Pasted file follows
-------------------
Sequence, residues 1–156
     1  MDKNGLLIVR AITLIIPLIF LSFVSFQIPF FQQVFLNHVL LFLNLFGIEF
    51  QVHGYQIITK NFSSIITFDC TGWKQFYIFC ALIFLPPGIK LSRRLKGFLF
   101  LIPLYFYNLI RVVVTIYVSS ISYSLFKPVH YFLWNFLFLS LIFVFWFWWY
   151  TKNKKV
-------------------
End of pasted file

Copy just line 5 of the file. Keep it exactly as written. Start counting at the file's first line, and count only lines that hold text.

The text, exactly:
   151  TKNKKV